NASA Discovers 10-Billion-Year-Old ‘Super Earth’ Near One Of Our Galaxy’s Oldest Stars

NASA Discovers Super Earth Near One Of Our Galaxys Oldest Stars

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Hard to believe that a planet one-and-a-half times the size of Earth could be hard to locate, but until recently astronomers had no idea about the existence of a 10 billion-year-old planet orbiting one of the oldest stars in the Milky Way galaxy.

Perhaps we have finally located that pesky Planet X, AKA the doomsday planet Nibiru? No? Okay, on to the facts!

According to UC Riverside planetary astrophysicist Stephen Kane, even though this planet, known as TOI-561b, recently discovered astronomers at the University of Hawaii Institute for Astronomy using the W. M. Keck Observatory, has roughly three times the mass of Earth, the team calculated its density to be the same as our planet.

“This is surprising because you’d expect the density to be higher,” Kane said. “This is consistent with the notion that the planet is extremely old.”

Another difference TOI-561b is the fact that this exoplanet orbits its star at a much closer distance than Earth orbits the sun as it completes its turn around the star in less than 12 hours.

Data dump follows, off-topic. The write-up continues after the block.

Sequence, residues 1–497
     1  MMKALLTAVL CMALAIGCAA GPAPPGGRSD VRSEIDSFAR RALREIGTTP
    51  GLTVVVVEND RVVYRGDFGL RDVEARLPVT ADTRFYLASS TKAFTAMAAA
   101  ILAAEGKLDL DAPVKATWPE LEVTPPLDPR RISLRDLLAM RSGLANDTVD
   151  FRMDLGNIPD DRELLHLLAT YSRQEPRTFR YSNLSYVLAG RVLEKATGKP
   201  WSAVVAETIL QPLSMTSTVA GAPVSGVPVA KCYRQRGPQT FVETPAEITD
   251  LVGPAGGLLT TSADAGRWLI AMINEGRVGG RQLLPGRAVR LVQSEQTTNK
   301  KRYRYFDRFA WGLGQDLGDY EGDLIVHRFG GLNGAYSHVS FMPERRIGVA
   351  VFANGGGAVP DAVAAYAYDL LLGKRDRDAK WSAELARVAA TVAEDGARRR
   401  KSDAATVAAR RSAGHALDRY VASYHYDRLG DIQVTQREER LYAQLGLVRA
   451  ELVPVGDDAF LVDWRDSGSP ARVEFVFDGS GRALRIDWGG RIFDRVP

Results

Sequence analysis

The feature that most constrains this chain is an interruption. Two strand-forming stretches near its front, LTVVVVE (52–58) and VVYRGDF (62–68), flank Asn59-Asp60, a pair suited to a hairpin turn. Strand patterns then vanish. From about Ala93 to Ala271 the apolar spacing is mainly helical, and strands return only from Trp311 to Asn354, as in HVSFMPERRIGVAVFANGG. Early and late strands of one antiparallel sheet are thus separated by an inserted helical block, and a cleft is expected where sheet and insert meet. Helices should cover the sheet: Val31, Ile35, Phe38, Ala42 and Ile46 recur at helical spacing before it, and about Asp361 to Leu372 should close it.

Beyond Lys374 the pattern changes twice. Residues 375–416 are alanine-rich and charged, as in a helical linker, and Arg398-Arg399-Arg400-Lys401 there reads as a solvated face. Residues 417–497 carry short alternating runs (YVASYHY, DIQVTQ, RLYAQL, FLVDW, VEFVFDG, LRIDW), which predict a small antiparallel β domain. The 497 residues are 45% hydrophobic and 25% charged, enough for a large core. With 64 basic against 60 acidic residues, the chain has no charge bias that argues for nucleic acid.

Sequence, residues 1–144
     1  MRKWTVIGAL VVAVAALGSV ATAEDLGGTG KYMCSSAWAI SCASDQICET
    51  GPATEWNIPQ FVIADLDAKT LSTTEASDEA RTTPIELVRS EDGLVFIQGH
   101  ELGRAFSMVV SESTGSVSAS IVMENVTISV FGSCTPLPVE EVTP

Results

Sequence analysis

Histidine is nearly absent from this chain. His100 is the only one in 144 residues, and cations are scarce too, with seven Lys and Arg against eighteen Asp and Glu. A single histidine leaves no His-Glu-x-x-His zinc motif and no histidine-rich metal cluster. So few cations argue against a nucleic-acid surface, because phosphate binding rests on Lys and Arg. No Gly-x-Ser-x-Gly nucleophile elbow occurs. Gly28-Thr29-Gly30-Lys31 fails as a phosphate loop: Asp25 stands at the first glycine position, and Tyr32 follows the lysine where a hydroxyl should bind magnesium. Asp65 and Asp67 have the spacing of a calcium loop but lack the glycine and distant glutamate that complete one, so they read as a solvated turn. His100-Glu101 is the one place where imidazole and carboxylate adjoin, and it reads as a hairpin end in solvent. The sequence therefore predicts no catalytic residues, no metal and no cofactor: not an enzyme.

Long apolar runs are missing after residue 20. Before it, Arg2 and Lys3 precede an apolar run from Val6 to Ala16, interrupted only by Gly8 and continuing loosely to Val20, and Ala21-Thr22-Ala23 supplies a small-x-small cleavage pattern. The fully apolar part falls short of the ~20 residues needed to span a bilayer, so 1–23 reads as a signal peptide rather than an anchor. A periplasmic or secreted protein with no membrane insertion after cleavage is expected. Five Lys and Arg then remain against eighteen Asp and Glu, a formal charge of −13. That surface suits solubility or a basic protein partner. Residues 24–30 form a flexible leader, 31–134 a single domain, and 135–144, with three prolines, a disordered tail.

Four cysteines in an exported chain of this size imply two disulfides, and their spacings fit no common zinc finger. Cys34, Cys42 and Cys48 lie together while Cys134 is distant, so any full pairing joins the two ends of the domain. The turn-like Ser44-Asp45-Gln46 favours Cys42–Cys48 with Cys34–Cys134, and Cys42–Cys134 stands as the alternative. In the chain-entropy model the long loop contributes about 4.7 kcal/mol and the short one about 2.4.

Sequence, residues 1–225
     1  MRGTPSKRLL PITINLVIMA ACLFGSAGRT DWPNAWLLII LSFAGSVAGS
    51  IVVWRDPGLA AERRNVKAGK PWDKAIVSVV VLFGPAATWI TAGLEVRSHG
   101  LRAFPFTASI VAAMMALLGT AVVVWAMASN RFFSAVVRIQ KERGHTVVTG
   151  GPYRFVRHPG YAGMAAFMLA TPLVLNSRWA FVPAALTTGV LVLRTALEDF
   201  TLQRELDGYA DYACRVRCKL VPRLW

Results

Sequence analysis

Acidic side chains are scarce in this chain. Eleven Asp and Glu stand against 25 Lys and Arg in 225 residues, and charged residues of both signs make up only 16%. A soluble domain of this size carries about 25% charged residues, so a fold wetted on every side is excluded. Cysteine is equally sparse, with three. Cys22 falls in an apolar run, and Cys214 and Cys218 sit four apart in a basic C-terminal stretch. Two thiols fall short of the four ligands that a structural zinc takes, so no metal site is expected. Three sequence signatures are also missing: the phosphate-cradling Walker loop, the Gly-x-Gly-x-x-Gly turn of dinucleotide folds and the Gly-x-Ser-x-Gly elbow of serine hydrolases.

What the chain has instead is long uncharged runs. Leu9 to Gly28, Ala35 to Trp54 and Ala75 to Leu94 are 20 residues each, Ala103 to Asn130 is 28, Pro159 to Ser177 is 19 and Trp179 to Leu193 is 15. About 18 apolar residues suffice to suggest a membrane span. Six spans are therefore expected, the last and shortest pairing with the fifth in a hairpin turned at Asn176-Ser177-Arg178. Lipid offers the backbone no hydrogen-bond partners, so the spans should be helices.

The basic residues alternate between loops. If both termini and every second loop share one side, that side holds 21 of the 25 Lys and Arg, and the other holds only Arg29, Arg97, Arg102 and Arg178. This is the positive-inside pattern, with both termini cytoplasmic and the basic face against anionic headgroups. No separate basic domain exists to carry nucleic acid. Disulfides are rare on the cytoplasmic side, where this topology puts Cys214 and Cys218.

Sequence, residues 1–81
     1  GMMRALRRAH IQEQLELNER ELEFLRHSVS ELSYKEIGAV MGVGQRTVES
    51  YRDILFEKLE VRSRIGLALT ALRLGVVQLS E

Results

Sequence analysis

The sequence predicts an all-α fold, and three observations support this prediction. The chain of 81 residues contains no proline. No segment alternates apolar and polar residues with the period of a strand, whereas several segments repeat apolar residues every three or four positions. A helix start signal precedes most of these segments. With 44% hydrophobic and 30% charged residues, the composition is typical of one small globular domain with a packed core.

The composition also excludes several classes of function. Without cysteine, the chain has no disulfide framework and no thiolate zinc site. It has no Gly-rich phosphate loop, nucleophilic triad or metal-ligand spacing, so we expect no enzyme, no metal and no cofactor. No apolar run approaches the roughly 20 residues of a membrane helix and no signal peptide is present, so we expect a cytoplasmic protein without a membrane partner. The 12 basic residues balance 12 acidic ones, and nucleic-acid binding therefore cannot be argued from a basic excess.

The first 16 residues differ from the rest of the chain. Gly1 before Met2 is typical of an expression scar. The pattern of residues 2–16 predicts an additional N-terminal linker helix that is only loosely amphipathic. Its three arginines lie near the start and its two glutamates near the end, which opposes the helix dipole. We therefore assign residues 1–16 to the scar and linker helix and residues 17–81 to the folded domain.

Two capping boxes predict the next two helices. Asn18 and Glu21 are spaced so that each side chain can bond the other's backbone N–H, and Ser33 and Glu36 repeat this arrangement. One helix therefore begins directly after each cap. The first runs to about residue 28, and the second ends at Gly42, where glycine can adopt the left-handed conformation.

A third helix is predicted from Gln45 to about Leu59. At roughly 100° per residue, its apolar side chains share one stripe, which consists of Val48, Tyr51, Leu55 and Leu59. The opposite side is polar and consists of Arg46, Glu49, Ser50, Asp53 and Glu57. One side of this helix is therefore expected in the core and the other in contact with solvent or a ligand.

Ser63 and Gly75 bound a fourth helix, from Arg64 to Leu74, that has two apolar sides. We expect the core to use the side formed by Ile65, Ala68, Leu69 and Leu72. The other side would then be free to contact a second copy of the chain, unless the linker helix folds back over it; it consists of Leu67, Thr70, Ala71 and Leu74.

“For every day you’re on Earth, this planet orbits its star twice,” said Kane.

Which, as one might imagine, means that it is very, very hot on the planet’s surface, clocking in at over 3,140 degrees Fahrenheit.

“TOI-561b is one of the oldest rocky planets yet discovered,” said University of Hawaii postdoctoral fellow and team lead Lauren Weiss. “Its existence shows that the universe has been forming rocky planets almost since its inception 14 billion years ago.”

Named for NASA’s Transiting Exoplanet Survey Satellite, TESS Object of Interest (TOI) 561 belongs to a rare population of stars called the galactic thick disk. Stars in this region are chemically distinct, with fewer heavy elements such as iron or magnesium that are associated with planet building.

So, because its surface is so hot, right now, it isn’t exactly one the short list of replacement planets for Earth.

However…

“Information about a planet’s interior gives us a sense of whether the surface of the planet is habitable by life as we know it,” Kane said. “Though this particular planet is unlikely to be inhabited today, it may be a harbinger of a many rocky worlds yet to be discovered around our galaxy’s oldest stars.”

[Astronomical Journal]

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